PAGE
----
The cyber world that we live in is changing fast. With the revolutionary advancement of the computing capabilities due to new generation of supercomputers and distributed computing technologies, cryptographic keys considered safe today do not warrant them robust forever. There is a trend of adopting stronger cryptographic methods and solutions to ensure the robustness of secure information storage and exchange.
As you may know, the National Institute of Standards and Technology of the United States published a guide in January 2011 recommending US federal agencies to plan for transitioning to the use of longer cryptographic key lengths and more robust cryptographic algorithms. One of the recommendations is the use of 2048-bit (versus the 1024-bit) key for the RSA algorithm before end of 2013.
In Hong Kong, the Government has adopted PKI technology, which rides on the RSA algorithm, to secure e-government services provided to the public as well as for internal data and systems protection. The OGCIO has started off in 4Q 2011 a number of activities to arouse B/Ds' awareness for the need to plan out for adoption of stronger cryptographic solutions in their infrastructure and systems. Our local Recognised Certification Authorities have also included in their business plan the issuing of digital certificates with 2048-bit key aligning with the industry practice, while continuing the support of the 1024-bit key for a period of time in order to ensure smooth transition. You will appreciate that the supply chain process would not stop here as hardware and software vendors have to equip their products with this capability; and service providers, being relying parties, have to plan out timely the changes at their application end. While this may not be a task of mammoth effort like the millennium change, we should not under-estimate the complexity and should start off for planning if have not done so.
IT Compliance in the New IT Era
The next topic that I would like to talk about is on IT compliance, a subject which is getting more complex in this new IT era. Cloud computing enables our data to be stored in disparate places, improving availability and resilience. The dark side of this would be that the risks in IT compliance may increase substantially because of the vague corporate boundary and even situation that crosses jurisdiction. IT compliance in this new cloud era is complicated by issues like service agreement, data ownership, accountability, auditability, e-discovery, exit rights, incident response, etc. that need a holistic approach to tackle.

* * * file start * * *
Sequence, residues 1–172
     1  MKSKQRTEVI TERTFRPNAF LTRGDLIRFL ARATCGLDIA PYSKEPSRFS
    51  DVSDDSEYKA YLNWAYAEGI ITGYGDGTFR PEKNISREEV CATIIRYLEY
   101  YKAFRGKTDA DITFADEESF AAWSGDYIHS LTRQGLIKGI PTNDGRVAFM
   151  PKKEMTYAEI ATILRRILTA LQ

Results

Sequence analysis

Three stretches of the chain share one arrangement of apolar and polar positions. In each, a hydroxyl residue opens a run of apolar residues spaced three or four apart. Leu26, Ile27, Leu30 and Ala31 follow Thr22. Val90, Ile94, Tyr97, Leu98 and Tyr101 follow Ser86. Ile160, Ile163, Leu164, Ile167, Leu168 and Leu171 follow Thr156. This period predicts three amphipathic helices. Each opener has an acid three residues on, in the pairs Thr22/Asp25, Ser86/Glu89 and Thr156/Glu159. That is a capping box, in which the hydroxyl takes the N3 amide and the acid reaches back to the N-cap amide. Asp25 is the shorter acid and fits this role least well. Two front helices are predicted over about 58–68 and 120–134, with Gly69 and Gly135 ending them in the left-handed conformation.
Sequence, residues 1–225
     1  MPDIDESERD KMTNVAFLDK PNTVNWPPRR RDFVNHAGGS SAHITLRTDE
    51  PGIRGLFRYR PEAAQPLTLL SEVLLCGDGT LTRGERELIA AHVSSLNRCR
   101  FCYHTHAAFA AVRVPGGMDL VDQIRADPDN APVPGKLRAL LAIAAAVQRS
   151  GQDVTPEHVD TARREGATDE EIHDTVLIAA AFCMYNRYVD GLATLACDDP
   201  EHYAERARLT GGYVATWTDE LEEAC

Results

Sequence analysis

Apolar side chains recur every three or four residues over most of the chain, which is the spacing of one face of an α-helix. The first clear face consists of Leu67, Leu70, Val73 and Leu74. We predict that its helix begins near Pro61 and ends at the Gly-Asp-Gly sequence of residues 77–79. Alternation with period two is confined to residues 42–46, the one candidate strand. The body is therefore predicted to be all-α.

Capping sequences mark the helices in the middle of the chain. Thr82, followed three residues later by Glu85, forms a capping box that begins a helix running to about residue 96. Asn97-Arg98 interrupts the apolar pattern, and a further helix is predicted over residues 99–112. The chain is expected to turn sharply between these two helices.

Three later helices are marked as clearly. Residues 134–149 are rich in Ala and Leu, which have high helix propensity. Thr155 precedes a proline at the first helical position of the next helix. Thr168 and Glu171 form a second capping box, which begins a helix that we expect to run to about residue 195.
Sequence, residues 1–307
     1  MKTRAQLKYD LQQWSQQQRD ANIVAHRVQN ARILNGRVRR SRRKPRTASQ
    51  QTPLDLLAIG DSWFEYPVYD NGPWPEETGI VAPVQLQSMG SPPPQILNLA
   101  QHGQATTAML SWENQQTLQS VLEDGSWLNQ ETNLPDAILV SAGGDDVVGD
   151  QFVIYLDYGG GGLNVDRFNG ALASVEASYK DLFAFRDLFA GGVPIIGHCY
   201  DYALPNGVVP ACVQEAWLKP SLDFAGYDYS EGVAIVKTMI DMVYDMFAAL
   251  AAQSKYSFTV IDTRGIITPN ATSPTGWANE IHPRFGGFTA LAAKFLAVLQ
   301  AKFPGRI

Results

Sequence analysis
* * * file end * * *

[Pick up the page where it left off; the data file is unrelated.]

In Hong Kong, the OGCIO has established an Expert Group on Cloud Computing Services and Standards for the industry, academia, and Government to get together to explore, identify, and propose initiatives to narrow the technological and standardisation gaps in support of cloud computing adoption and deployment in Hong Kong. The Expert Group focuses on a couple of areas including service management, service level agreement, interoperability, and security and privacy. The recommendations made by the Expert Group will be shared with the local cloud service providers as references of good practices in service delivery and with the private sectors for their useful reference in choosing cloud services suitable for them.
Today, we are facing new security challenges brought by the increasing use of mobile and cloud computing. With the concerted effort of the industry, the academia, the business community, the government and the general public, Hong Kong would stay in the forefront as a knowledge economy with sustaining economic prosperity.
I note that there will be a wide variety of topics that are to be covered today, enabling the distinguished speakers in the industry to share their experiences and insights on emerging and evolving new challenges, and ways to outcome such challenges. I wish you all a very fruitful event.